Cooling-Off Period for Cosmetic Surgery: Patients Need More Time to Consider Risks

By Zoe Diss

The General Medical Council (GMC) has proposed a mandatory cooling-off period for cosmetic surgery as part of a series of guidelines aimed at making surgical and non-surgical procedures such as breast implants, safer.

Cosmetic Surgery is Real Surgery

The new guidelines are the culmination of an ongoing effort on the part of the British Association of Aesthetic Plastic Surgeons (BAAPS) and the British Association of Plastic Surgeons (BAPS) to educate and inform the public about the potential risks of undergoing surgical and non-surgical cosmetic procedures. BAAPS and BAPS are keen to make consumers aware of the medical reality of cosmetic surgery, as many patients view cosmetic procedures as consumer rather than medical choices. For many, undergoing cosmetic surgery is no different to consumer lifestyle purchases.

Cooling-Off Period for Cosmetic Surgery Will ‘Prevent Misunderstandings’

A mandatory cooling-off period for cosmetic surgery, within which the patient has time to fully consider the implications of undergoing cosmetic surgery, certainly makes sense. Prospective patients offered a good deal on a tummy-tuck or breast implants may overlook the risk of scarring, haematomas and even death in order to take advantage of a limited-time offer. The GMC is also taking measures to enable consumers who are considering a cosmetic procedure to check the qualifications of all cosmetic surgery practitioners.

However, the less-qualified practitioners usually charge less and so even well-informed patients, who could not otherwise pay for the interventions they crave, might decide to use the services of a more affordable practitioner. As the president of the American Society of Plastic Surgery (ASAPS), Dr Scot Bradley Glasberg, observed: ‘Price is usually the impetus to go to someone less trained.’ However, Glasberg believes that educating the public will help to prevent misunderstandings about what can be achieved through cosmetic surgery, as well as the risks involved.

A Mandatory Cooling-Off Period?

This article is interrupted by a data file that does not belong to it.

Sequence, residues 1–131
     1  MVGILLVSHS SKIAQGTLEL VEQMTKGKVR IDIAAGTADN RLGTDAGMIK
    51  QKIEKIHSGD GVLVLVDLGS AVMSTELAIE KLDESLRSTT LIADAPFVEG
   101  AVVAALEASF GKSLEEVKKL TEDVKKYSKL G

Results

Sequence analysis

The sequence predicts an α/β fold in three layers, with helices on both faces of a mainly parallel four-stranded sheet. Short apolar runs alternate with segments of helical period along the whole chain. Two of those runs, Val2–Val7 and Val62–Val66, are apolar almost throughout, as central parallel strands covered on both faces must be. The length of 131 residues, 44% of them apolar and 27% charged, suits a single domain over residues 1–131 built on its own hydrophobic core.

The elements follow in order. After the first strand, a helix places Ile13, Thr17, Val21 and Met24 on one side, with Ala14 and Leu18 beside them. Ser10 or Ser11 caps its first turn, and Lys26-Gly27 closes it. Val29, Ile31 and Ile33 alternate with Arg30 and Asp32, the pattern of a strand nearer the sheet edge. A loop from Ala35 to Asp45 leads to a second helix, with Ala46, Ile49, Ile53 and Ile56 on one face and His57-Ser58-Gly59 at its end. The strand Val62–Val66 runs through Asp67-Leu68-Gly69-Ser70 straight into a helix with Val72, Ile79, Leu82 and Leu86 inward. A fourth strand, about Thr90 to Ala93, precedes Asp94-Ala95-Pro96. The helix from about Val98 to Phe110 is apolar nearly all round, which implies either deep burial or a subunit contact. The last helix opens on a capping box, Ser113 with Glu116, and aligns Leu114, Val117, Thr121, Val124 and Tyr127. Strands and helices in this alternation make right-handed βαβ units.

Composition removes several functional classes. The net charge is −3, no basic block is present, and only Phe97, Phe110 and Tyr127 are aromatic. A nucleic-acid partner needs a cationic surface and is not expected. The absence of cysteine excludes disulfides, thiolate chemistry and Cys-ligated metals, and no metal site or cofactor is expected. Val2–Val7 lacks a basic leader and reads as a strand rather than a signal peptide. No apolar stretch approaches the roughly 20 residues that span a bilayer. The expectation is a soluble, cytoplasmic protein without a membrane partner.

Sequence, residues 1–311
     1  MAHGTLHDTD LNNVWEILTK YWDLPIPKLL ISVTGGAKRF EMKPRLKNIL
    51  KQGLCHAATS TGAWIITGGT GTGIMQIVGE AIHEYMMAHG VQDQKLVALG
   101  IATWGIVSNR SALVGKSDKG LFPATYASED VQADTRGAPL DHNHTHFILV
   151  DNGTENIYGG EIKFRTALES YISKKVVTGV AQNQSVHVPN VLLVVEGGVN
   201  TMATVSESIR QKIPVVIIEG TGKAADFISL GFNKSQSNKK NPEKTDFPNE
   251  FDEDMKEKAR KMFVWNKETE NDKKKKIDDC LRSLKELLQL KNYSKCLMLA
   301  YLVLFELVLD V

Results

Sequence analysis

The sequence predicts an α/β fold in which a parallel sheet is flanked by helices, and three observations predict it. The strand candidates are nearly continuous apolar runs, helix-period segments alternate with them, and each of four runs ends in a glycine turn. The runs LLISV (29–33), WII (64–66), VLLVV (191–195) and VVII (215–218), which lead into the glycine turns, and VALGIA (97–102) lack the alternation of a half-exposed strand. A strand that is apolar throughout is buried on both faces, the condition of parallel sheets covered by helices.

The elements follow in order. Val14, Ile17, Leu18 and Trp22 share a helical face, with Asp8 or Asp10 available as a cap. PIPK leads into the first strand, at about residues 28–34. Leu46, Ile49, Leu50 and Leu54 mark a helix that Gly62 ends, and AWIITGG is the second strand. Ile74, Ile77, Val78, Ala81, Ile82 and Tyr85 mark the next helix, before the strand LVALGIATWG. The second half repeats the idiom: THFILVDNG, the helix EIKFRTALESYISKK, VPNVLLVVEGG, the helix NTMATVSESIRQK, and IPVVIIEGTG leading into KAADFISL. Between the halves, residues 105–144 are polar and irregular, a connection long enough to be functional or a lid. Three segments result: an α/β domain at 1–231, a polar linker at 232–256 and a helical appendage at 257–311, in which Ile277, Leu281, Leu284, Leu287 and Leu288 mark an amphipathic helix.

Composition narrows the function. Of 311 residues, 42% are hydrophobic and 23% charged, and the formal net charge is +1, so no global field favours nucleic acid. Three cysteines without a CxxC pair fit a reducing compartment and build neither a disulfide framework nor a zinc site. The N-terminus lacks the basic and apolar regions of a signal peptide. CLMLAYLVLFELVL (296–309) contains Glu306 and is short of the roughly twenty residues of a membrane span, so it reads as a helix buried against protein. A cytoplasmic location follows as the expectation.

In cases where someone is considering cosmetic surgery after experiencing a recent trauma – such as a divorce, loss of a job, or the death of a spouse or child – responsible surgeons generally recommend that the patient wait a few months before undergoing the procedure, although there is no legal requirement to do so. The GMC hopes that the new guidelines – due to be published in 2016 – will effectively force all practitioners to insist on a significant cooling-off period for cosmetic surgery.

Jason Brady, Partner at Blackwater Law clinical negligence solicitors, said:
“It is unfortunately the case that some providers of cosmetic surgery procedures put concern for profits over concern for their patients. This can lead to them ‘hard-selling’ their services which, whilst not necessarily illegal, are certainly unethical.

“In cases where a cosmetic surgery patient is not given a cooling-off period, so as to properly evaluate their purchase decision and the risks involved, the patient may be entitled to later make a claim for cosmetic surgery compensation. An adequate cooling-off period also requires that a prospective patient be given full and transparent information on the procedure, and most importantly the potential risks.”

In 2013, a report by NHS England’s medical director brought to light the risks associated with the cosmetic procedures. This report was published shortly after safety concerns were raised about almost 50,000 PIP breast implants in the UK. The French implants were banned in the UK when the Medicines and Healthcare Products Regulatory Agency (MHRA) discovered that the implants contained cheap industrial silicone filler designed for use in mattresses rather than medical procedures. After more than 7,000 complaints, Jean-Claude Mas, the founder of PIP, was sent to jail for four years after being found guilty of fraud.

New GMC Guidelines and a Cooling-Off Period for Cosmetic Surgery

The GMC sets the standards that are expected of all UK doctors who carry out cosmetic procedures. The new guidelines put forward by the GMC advise that doctors should:

  • Be open and honest with patients and not trivialise the risks involved;
  • Provide patients with a cooling-off period for cosmetic surgery, giving them enough time and information to make an informed decision about whether or not to proceed with the procedure;
  • Encourage patients to tell them how they have been affected by a cosmetic procedure, both physically and psychologically;
  • Avoid targeting people under 18 and seek additional advice from professionals who treat young people;
  • Request the consent of the patient themselves rather than delegating the task to administrative personnel; and
  • Avoid making unjustifiable claims about the results that can be achieved, and not offer cosmetic procedures as prizes.

Rajiv Grover, consultant plastic surgeon and former President of the BAAPS, welcomed the GMC’s guidance as he believes some patients are psychologically unsuitable for cosmetic surgery. According to Grover, the association is looking into developing a screening tool to help identify patients who are not mentally fit for surgery.

“Cosmetic surgery has for too long been seen as a commodity but unfortunately once an operation is done – it can’t be taken back to the shop.”

According to Grover, BAAPS has insisted on a two-week cooling-off period for cosmetic surgery for many years, and also encouraged a second consultation with a surgeon before a final decision was made to go ahead with the procedure.